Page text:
Reading Heidegger Brings a Wild Joy
for Mark Richtman 1956-2019
My discovery of your essential thingness
means you are no more dead for me now
than while you were alive. Once we
have ever existed, that is a thing, as the stone
on the road and the clod in the field are things,
as the chalk is a thing, and the airplane
and internet and art and even God are things.
The kayak with the life vest still D-clipped-on
is a thing, and the paddle 20 yards
down shore, and your poor body washed up
near the pier in Nick’s Cove. The thingness
of the thing is eternal, and the way physical bodies
alchemize from and into atoms cannot alter that.
When the chalk is crushed into powder,
its chalk-ness persists, and the border of each
smaller piece is only an exterior of some interior
lying further back. Things are more
than what can be touched, reached or seen.
But, that’s not precisely what brings comfort.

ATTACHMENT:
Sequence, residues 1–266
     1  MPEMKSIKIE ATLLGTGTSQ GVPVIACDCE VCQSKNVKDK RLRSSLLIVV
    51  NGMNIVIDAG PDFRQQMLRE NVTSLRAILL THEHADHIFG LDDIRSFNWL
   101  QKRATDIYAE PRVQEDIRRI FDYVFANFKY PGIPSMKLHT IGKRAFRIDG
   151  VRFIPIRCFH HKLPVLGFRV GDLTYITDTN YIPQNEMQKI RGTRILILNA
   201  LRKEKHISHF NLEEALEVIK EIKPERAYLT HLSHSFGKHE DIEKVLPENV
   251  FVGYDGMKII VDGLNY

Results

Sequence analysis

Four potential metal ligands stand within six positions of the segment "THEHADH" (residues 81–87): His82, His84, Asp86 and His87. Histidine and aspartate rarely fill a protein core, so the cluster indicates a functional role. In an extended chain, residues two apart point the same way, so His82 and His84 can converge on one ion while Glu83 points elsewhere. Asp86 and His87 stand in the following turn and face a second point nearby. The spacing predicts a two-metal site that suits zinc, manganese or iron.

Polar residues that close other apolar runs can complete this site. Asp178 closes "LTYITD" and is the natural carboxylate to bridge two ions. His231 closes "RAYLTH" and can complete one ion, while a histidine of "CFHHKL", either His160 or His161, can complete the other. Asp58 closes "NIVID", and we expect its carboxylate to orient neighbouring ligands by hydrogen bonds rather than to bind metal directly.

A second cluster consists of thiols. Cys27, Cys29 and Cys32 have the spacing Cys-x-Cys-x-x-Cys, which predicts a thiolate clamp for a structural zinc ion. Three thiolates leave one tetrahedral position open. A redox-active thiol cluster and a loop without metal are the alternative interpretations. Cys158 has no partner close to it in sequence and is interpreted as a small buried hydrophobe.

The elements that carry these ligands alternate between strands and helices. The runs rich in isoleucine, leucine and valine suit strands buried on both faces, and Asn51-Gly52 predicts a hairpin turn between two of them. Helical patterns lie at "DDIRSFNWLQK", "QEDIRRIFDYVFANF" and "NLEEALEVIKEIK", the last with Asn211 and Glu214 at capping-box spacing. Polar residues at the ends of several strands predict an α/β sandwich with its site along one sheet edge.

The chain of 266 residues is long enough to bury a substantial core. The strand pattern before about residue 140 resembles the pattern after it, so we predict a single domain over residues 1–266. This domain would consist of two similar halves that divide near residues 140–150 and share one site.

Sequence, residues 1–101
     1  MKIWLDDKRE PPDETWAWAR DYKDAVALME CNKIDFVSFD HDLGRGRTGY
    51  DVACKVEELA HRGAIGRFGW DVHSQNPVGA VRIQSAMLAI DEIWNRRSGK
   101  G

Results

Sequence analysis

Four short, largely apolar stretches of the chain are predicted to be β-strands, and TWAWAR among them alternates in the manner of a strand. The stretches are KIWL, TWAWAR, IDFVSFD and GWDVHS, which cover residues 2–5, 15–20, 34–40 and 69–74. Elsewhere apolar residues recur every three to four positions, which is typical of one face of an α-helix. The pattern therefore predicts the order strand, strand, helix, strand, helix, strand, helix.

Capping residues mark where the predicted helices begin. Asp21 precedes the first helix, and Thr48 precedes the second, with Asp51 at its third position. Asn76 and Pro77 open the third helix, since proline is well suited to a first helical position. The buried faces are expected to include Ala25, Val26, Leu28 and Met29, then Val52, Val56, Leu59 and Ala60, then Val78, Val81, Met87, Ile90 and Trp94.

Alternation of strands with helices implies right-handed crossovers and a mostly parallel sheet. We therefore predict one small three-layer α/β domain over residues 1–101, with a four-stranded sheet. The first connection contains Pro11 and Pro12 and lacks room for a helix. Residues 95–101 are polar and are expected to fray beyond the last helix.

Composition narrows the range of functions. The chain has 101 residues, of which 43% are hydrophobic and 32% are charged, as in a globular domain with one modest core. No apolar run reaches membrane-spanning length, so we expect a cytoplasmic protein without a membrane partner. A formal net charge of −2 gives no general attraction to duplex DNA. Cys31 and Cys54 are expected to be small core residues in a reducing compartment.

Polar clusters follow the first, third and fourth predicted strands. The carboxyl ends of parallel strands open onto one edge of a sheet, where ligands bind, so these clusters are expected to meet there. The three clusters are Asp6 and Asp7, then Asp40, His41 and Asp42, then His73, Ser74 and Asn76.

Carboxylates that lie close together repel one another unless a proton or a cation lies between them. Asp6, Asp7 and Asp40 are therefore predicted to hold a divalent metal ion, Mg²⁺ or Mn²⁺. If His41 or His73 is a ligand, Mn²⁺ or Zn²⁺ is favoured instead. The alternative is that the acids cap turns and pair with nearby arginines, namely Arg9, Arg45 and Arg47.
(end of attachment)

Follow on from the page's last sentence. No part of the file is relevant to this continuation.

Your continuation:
What brings comfort is this: you were, thus are,
and always will have been. Time’s friction
cannot erase that bedrock, nor can it erase
the races run, the woman you loved, the children
you fathered. These things happened.
The sun seen by a shepherd is not the same sun
seen by the astrophysicist, but for both,
a red orb sets but is not actually gone. What is
merely past does not exhaust what has been.
This still has being. When no one is left to remember
you—and we—will still be a thing. One day,
our turn to be lost in fog and wind, our turn to rest
in blind troughs of waves, blood cooling, breath
released at last from its terrible imperative.
When the world is of us utterly bereft, this will be left:
we are, because we were. Mark, you were here.